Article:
At exactly 8:50 am Malawian time, the military plane carrying Malawi’s president Bingu wa Mutharika took off at Chileka Airport for Lusaka, Zambia to attend the inauguration of Zambia’ next president, the Nyansa Times Reporters.
It seems Mutharika was so sure that the person to be re-crowned was his close freind Rupiah Banda. But Mutharika realised, probably while airborne that the man who won is actually Michael Sata, the man he banned from entering Malawi.
Asked by reporters how he viewed the elections in Zambia, Mutharika surprising feigned ignorance of the way things had gone in Zambia, reports Nyasa Times.
He only indicated that Zambians had voted for a president and he was attending his inauguration. Mutharika kept close links with the defeated Banda.
“As you know, Zambians and Malawians are brothers and sisters and as such while the Zambians celebrate the election of a new president, we have to celebrate with them,” said Mutharika, without making any reference to Sata, the winner.
On March 15, 2007, the Mutharika government deported Sata from Malawi shortly after arrival; a development Sata believed was politically-inclined.
Sata had claimed then that he had travelled to Malawi to meet with the business community, and alleged that the Zambian government had effected the deportation by falsely claiming that he was in Malawi to assist that country’s former president, Bakili Muluzi.
The Zambian government denied this while the Malawian government gave no explanation for Sata’s deportation.
At Sata’s inauguration, it was Bakili Muluzi who was seen.
Sata’s lawyer, Ralph Kasambara told Nyasa Times that Sata was arrested at Chileka international Airport in Blantyre 15 March, 2007, when he flew into Malawi to hold talks with former president Bakili Muluzi.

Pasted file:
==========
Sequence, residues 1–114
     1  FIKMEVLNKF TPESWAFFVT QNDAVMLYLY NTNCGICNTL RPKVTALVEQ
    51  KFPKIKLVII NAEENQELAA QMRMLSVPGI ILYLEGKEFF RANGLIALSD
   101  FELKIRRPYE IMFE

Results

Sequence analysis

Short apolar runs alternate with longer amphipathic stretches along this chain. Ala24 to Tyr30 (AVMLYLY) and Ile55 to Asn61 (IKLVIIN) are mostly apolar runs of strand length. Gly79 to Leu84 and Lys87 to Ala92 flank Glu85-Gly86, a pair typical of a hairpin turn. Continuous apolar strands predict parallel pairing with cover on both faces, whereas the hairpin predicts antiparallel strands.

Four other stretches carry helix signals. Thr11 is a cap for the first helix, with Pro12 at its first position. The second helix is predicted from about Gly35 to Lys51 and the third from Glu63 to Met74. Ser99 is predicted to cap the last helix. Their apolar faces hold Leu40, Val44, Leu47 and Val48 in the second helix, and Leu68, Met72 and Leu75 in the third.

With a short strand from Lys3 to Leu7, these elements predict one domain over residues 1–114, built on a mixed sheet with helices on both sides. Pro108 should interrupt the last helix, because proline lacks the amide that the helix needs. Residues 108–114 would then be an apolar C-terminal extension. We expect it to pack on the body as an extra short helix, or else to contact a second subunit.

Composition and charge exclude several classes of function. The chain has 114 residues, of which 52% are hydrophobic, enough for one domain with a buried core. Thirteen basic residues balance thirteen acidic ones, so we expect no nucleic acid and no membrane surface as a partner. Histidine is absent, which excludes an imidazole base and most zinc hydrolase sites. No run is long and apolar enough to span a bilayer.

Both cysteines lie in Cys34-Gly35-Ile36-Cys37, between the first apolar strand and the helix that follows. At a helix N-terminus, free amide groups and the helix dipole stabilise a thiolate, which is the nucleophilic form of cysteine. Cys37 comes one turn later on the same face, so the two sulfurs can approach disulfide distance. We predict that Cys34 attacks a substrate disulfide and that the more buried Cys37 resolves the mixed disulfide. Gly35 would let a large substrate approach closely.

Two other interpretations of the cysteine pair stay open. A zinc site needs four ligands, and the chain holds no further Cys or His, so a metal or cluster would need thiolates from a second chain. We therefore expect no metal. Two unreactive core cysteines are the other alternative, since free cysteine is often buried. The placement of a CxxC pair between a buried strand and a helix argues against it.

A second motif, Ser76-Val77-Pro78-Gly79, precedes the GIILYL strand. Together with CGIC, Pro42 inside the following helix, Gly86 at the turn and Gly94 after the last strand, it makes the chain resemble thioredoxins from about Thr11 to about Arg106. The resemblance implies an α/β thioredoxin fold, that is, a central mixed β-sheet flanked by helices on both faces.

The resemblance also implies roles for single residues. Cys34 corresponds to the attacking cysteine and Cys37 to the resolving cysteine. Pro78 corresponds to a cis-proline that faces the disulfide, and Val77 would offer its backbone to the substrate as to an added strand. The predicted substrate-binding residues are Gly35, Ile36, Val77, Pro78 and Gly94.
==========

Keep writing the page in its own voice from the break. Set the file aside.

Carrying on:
“No reasons were given for his arrest but he was detained for several hours at Blantyre Police Station, where he was declared Persona Non Grata (PNG) or Prohibited Immigrant (PI),” Kasambara said.
He was then driven 500 kilometres and dumped at Mwami Border Post on the Malawi-Zambia border.
Sata sued Malawi for defamation and character assassination.
“He sued for defamation and wrongful detention,” said Kasambara, who represented the man who would be President of the copper-rich nation, adding “the case was concluded, we are just waiting for Justice Healey Potani’s judgement.”
According to laws, Sata is still PNG or PI in Malawi, unless Chief Immigration Officer Elvis Thodi reverses his status. Thodi was not answering his phones on Friday.
Despite President Bingu wa Mutharika congratulating the new Zambian leader and urging Malawians to celebrate with their northern neighbours, he flew to Lusaka but it was uncertain he attended the swearing-in ceremony of the new Zambian leader.
However, it seems he was not at the actual ceremony, for he was not seen anywhere on the high table. It was not even clear whether he was invited by Sata’s handlers, for he announced his plans to fly to Lusaka way before King Cobra was declared winner.
“He was obviously invited by President Banda for Sata’s people couldn’t have powers to draw up a list of invitees on Wednesday when it wasn’t clear he would emerge victorious,” said a source familiar with government protocol.
It is not even clear whether Mutharika used the occasion to personally congratulate Sata.
“It seems he just flew to Lusaka and flew back to Blantyre,” said the source, noting “It is not clear why this trip was necessary.”
It will, however, be interesting if the new Zambian leader has forgotten that little wooden bench at that crowded and dirty police station in Blantyre on 15 March, 2007 and the uncomfortable and unplanned long drive to the border.